It's being touted as "a Genesis machine" – the Large Hadron Collider, which on Tuesday forced two proton beams to cross in an effort to bring scientists one "huge step" closer to seeing how the creation of the universe might have looked like.
"It's a great day to be a particle physicist," commented Rolf Heuer, director of the European Organization for Nuclear Research (CERN), which used the LHC's powerful superconducting magnets to collide the two proton beams.
With the record-shattering collision energies created Tuesday, scientists say the hunt has officially begun for dark matter, new forces, new dimensions and the Higgs boson, a hypothetical particle - often called the God particle - that scientists theorize gives mass to other particles and thus to other objects and creatures in the universe.
They say results from Tuesday's proton collisions by the world's largest atom smasher and the upcoming lead-ion collisions later this year will give them new insights into the nature of the strong interaction and the evolution of matter in the early Universe.
"We'll address soon some of the major puzzles of modern physics like the origin of mass, the grand unification of forces and the presence of abundant dark matter in the universe," reported Guido Tonelli, spokesperson for the Compact Muon Solenoid (CMS) experiment, one the LHC's four major experiments. "I expect very exciting times in front of us."
CERN scientists have tried twice before to get the LHC to begin colliding subatomic particles but had to postpone due to electrical failures.
For over 15 years, scientists have been looking forward to using the LHC to accelerate two beams of protons to near light speed around its 17-mile chamber and then smash the particles into each other in hopes of creating concentrations of energy which they believe would mimic the seconds after the Big Bang.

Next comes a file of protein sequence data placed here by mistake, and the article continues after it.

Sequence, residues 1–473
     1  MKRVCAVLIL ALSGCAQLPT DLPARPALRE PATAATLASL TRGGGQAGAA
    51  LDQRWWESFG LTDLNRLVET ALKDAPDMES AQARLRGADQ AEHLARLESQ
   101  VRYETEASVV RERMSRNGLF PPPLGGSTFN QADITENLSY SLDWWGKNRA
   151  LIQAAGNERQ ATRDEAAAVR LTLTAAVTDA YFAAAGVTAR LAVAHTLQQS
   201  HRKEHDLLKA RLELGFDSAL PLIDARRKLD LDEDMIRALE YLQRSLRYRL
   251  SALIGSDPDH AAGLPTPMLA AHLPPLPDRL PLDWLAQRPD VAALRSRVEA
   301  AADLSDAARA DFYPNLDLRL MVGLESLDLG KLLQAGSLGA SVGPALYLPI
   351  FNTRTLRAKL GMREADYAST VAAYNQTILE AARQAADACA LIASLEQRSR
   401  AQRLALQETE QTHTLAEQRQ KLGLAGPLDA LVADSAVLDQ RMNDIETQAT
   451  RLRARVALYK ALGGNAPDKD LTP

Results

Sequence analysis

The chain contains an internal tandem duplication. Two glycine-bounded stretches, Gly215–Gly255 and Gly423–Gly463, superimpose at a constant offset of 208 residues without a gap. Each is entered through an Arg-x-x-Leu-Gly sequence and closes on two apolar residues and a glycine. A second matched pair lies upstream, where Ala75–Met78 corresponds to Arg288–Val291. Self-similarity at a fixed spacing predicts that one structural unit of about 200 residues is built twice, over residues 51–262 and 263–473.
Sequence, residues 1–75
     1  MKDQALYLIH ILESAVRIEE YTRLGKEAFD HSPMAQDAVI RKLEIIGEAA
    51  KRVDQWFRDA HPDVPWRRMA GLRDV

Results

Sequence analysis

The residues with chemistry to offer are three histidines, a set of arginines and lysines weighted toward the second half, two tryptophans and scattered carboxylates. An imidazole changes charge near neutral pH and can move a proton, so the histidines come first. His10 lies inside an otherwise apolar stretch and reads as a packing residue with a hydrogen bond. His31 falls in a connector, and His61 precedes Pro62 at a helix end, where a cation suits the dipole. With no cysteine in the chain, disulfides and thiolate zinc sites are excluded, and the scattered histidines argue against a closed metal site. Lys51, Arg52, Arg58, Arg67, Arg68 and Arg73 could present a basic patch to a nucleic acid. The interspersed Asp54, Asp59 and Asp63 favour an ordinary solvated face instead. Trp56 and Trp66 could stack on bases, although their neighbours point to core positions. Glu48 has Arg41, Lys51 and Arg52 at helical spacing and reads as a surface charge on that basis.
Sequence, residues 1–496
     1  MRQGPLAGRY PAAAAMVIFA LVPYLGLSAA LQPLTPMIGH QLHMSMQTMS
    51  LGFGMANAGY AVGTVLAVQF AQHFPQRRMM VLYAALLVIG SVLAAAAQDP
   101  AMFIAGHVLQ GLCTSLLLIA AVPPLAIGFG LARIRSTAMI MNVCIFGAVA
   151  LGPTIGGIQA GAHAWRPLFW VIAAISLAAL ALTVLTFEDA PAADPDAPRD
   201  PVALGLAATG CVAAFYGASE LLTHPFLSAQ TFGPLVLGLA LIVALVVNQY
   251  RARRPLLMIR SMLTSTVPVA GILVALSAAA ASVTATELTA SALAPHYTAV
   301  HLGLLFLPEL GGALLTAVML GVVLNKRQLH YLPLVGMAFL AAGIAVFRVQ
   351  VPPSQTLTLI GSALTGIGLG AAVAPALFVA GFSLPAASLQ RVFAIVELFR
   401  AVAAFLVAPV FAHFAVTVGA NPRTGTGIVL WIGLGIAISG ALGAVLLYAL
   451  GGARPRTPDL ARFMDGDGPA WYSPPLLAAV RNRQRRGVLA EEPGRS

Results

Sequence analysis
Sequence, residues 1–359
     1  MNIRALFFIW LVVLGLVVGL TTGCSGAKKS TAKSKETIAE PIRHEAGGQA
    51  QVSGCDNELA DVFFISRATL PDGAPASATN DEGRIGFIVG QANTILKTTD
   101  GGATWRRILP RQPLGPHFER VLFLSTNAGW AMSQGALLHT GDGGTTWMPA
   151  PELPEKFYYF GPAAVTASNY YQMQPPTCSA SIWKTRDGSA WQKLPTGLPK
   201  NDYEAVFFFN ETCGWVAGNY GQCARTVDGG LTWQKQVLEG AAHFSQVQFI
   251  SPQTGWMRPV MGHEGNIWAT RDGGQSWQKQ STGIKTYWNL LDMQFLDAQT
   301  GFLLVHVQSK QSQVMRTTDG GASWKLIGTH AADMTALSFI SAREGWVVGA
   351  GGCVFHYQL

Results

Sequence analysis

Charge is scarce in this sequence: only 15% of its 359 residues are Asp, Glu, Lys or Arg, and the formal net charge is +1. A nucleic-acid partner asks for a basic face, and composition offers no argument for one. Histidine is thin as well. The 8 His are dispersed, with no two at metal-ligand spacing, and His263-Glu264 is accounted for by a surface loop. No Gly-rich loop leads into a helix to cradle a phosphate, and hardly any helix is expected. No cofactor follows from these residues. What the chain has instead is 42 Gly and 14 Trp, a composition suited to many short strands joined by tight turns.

On Tuesday, protons were accelerated to more than 99 percent of the speed of light and to energy levels of 3.5 trillion electron volts apiece.
"A lot of people have waited a long time for this moment," commented Heuer on Tuesday, "but their patience and dedication is starting to pay dividends."
Over the next 18 to 24 months, CERN plans to run the LHC with the objective of delivering enough data to the experiments to make significant advances across a wide range of physics channels.
As soon as they have "re-discovered" the known Standard Model particles, a necessary precursor to looking for new physics, the LHC experiments will start the systematic search for the Higgs boson with the hope of gaining insights into the nature of the strong interaction and the evolution of matter in the early Universe.
"The LHC has a real chance over the next two years of discovering supersymmetric particles," explained Heuer, "and possibly giving insights into the composition of about a quarter of the Universe."
Headquartered in Geneva, CERN is the world's leading laboratory for particle physics. At present, its member states are Austria, Belgium, Bulgaria, the Czech Republic, Denmark, Finland, France, Germany, Greece, Hungary, Italy, Netherlands, Norway, Poland, Portugal, Slovakia, Spain, Sweden, Switzerland and the United Kingdom.
India, Israel, Japan, the Russian Federation, the United States of America, Turkey, the European Commission and UNESCO have observer status.